We know God promises to never leave us. We know God constantly tells His people not to be afraid because He is always there. And yet sometimes, it just doesn’t seem like it. When reading the Bible, it is easy to miss (or avoid) the struggles and hard parts. A great example of this is the book of Exodus.
Where does your mind immediately go when you think of that book? I know for me, I tend to downplay the time the Israelites were in slavery. The Bible doesn’t spend a ton of time talking about it in the first few chapters of Exodus, but they were in fact in slavery for hundreds of years! Imagine that. If you were an Israelite in this time, you would know about Abraham, and about the promise God made to Him. It would be knowledge that you had that you were a part of God’s chosen people, but during those years in slavery, would it have felt like that? Wouldn’t it be easy to wonder and question where God is? We have the benefit of knowing the end of the story, that God miraculously delivers the Israelites with the 10 plagues and the parting of the Red Sea, but they did not. All they knew is that they were in a miserable position. And some of them never made it out of that position. But God had a plan for His people. God had a plan that would show His glory. Would you have trusted God in the midst of those hundreds of years?
Let’s look at the life of Paul. We love to quote his letters from the New Testament and use him for inspiration, but do we apply them to our lives the way Paul truly intended? If you were to look at 2 Corinthians 11:23-28, you would see Paul write about how he was whipped 39 times on five different locations, three times he was beaten with rods, once he was stoned, three times shipwrecked, and was often cold, hungry, and in danger. This list does not even mention Paul’s 4 times in prison, his second shipwreck, the time he was bitten by a snake, or his execution. Some of this was persecution for his faith, but some of it, like the shipwrecks and the snake bite, were just bad situations in which he found himself. But these things did not shake Paul, they did not deter him from trusting in God’s plan. Paul knew that if he is alive, it is to preach Christ, and if he were to die, then he has gained eternal life with Christ (Philippians 1:21). Paul knew that no matter what the situation is, he can endure and make it through by the power of Christ who gives him strength (Philippians 4:13). How is he able to make these kind of statements in the midst of the persecution, the loss, and the pain?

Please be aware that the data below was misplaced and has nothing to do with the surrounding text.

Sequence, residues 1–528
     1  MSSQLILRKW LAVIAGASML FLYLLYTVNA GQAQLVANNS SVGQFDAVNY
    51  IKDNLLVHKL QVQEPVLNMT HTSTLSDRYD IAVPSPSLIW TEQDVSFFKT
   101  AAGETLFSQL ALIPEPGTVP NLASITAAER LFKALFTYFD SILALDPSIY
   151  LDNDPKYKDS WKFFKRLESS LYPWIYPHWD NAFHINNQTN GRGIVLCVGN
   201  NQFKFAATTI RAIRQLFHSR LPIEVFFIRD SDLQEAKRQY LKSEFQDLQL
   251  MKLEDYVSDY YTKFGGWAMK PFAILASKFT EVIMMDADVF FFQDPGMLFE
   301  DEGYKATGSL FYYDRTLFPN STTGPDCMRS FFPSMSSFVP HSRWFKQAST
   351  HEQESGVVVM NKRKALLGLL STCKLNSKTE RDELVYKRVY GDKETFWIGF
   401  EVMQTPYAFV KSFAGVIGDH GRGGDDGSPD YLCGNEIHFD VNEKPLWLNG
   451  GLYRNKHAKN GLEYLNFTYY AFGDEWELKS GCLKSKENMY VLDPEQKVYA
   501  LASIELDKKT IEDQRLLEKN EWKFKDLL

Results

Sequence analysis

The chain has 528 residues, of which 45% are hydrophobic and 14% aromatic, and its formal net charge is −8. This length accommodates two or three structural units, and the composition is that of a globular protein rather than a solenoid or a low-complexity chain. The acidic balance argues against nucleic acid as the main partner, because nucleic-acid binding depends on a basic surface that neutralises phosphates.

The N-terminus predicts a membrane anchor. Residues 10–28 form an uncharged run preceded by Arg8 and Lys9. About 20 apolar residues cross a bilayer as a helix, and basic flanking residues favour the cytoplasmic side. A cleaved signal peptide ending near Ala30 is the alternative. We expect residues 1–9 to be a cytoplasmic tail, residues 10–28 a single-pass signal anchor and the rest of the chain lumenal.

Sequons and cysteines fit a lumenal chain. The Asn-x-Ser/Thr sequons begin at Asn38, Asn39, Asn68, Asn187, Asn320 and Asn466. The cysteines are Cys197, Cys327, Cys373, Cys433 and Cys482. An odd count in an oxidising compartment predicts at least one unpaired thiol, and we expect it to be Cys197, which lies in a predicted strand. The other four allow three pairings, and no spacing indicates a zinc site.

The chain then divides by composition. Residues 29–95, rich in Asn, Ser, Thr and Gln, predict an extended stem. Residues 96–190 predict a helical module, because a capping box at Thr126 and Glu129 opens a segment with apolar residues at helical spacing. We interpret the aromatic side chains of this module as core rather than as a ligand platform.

I want to make one disclaimer before we continue: I do not know your pain. I do not know what you are going through. I imagine some reading this have gone through great loss and great pain. There may be some reading this who are going through the hardest tragedy in their life right now. It could be related to health, job, family, spouse, or any number of things. I would never pretend to know your pain. But I do know this: God has a plan. Look at the Israelites, enslaved for hundreds of years, some of whom died in slavery and never saw the 10 plagues. Look at Paul, who went through horrific problems and setbacks throughout his life. In both cases, God had a plan. In the midst of the trials and the pain, it is easy, and understandable, to wonder where God is. Life is so unbelievably messy. And yet, “God is at work in the mess. That’s the message of the Bible. That’s why the Bible is not pretty. That’s why it’s grimy. Because God is working in the mess. He’s working in the tears.” (Matt Chandler) God is at work. He has a plan. Everything in your life, no matter how great, or how awful, God is working for His glory.
God is at work. He has a plan. Everything in your life, no matter how great, or how awful, God is working for His glory.
We know that He works all things, yes all things, for the good of those who love Him, who He has called His people (Romans 8:28). If you have been saved by Christ, then rest assured that everything that happens is ultimately for your good. Rest in the fact that God is always there, that He will never leave you nor forsake you. This life is crazy, it is messy, and it is painful, but God is always at work, even when it doesn’t seem like it.
In the same way that we can read the story of the Israelites in Egypt and have hope because we know the ending, or read Paul’s life and know the ending of his impact on Christianity as a whole, we know the ending for our pain too. It may not end in the way we want in this life, but we get the best possible outcome no matter what happens here. Revelation 21:4 tells us that “He will wipe away every tear from their eyes, and death shall be no more, neither shall there be mourning, nor crying, nor pain anymore, for the former things have passed away.” Jesus gives us this ending. This is what was bought on the cross with His precious blood. One day, cancer will not take our loved ones, there will be no abuse, no layoffs, no abandonment, no pain, and no tears. My dear brothers and sisters in Christ, take heart, persevere, and know that God is working. Do this by diving more deeply into Jesus. Make Jesus the priority of your life. Read the Bible every day, pray, meet with people regularly, engage in small group, volunteer, serve, come to church consistently, be discipled, disciple others. And as you do these things, remember these truths: God has a plan, He is always with you, and He will never leave you.